By Jim Shrine
Interim results from Cell Pathways Inc.¿s Phase II/III trial of exisulind showed statistically significant reductions in prostate specific antigen (PSA) levels in patients following radical prostatectomy.
That was a welcome result for the Horsham, Pa., company that three months ago reported the same drug failed to demonstrate significance in another indication, adenomatous polyposis coli (APC). Full results from the prostate cancer trial are expected to be available late in the third quarter.
¿I think this shows we¿re on the right track,¿ Rifat Pamukcu, the company¿s chief scientific officer, told BioWorld Today. ¿There¿s a certain element of validation to our approach.¿ The drug is being developed for a number of indications, and is in about half a dozen other clinical trials.
The Phase II/III study is being conducted in patients with detectable PSA levels that were rising following removal of the prostate, indicating recurrence of disease. The primary endpoint is the mean PSA levels between the drug and placebo groups over one year.
Enrollment was completed in September and about 70 patients are evaluable. All patients were past the six-month point at the time of analysis, half to two-thirds were beyond nine months of therapy, and 12 had completed treatment, Pamukcu said.
The mean PSA levels overall were twofold greater in the placebo group (p = .0004), and when patients were stratified, results from the high- and intermediate-risk groups were as, or even more, significant, with a p value of .0002 in the highest-risk group, Pamukcu said.
If the final analysis from the study continues to support efficacy, Cell Pathways would be expected to conduct additional trials in the prostate cancer indication.
¿To date, there has not been a drug approved solely on a PSA marker for prostate cancer,¿ Pamukcu said, ¿and there¿s still debate about the PSA level and its indication on how the patient is progressing. The studies [would] have to go to a hard disease endpoint, such as recurrence of metastasis. But this gives us encouragement to continue studies in a number of prostate cancer indications.¿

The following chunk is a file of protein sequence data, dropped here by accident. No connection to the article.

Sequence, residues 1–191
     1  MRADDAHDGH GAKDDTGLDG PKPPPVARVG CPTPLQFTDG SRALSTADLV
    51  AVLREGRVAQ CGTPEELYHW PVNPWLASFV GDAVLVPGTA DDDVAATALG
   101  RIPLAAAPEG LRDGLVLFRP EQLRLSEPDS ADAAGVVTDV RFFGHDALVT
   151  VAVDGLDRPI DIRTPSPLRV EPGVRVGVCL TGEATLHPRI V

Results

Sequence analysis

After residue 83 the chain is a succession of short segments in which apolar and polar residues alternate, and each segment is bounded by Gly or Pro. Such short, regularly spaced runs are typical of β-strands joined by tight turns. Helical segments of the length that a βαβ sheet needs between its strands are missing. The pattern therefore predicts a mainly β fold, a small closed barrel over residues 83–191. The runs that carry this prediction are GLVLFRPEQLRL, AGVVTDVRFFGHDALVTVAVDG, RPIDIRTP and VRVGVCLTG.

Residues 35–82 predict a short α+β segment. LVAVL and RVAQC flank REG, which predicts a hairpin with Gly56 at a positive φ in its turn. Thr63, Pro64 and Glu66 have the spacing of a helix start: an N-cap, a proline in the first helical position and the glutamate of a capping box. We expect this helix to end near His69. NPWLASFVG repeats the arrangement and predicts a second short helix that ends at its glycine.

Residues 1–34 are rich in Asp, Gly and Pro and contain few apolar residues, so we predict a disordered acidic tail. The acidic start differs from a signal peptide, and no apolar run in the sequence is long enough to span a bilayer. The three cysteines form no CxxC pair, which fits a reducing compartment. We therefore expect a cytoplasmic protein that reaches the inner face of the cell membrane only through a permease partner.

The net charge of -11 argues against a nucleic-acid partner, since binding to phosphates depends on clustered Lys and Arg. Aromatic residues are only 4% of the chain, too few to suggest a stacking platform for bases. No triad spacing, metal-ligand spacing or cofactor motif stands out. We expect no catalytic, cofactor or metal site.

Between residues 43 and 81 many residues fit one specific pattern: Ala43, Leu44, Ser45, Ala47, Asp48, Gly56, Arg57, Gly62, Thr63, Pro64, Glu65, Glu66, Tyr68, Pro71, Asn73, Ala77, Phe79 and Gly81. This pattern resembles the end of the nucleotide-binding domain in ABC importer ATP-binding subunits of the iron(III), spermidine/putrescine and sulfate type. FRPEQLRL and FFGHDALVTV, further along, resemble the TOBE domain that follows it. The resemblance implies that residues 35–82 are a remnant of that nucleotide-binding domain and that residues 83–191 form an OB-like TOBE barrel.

The need for hormonal or chemotherapeutic treatments could be delayed if exisulind successfully slowed or stopped the spread of the cancer.
Exisulind, or Prevatac, is a metabolite of a non-steroidal anti-inflammatory agent called sulindac. It has the same anti-neoplastic activity as the parent compound but does not inhibit the COX-1 and COX-2 pathways, Pamukcu said. The apoptotic compound targets cyclic GMP phosphodiesterase.
Ongoing studies of exisulind include a pivotal Phase II/III trial to prevent recurrence of breast cancer, with completion not expected anytime soon; an open-label Phase II trial in lung cancer; a pilot study in advanced lung cancer; a Phase II trial in Barrett¿s esophagus syndrome; and studies in APC.
Company officials expressed surprise in February when the Phase III study in APC failed to demonstrate statistical significance. (See BioWorld Today, Feb. 3, 1999, p. 1.)
Now that they have had time to look at the data, they realize those in the placebo group were generating between zero and 248 polyps per year while they were expected to get 10 to 40 polyps, Pamukcu said. The broader window meant more patients would be needed to achieve statistical significance, he said, adding that the analysis is nearly complete and a decision will be made after that on how to proceed in that indication.
Following news of the failure in February, the company¿s stock (NASDAQ:CLPA) fell 66 percent to close at $9 per share. The stock gained 75 cents Thursday to close at $10.75.
Cell Pathways has another compound, CP461, that has the same target as exisulind but is 100 times more potent, Pamukcu said, and has others further back that are even stronger. The company recently started a Phase I study of CP461 in healthy volunteers. n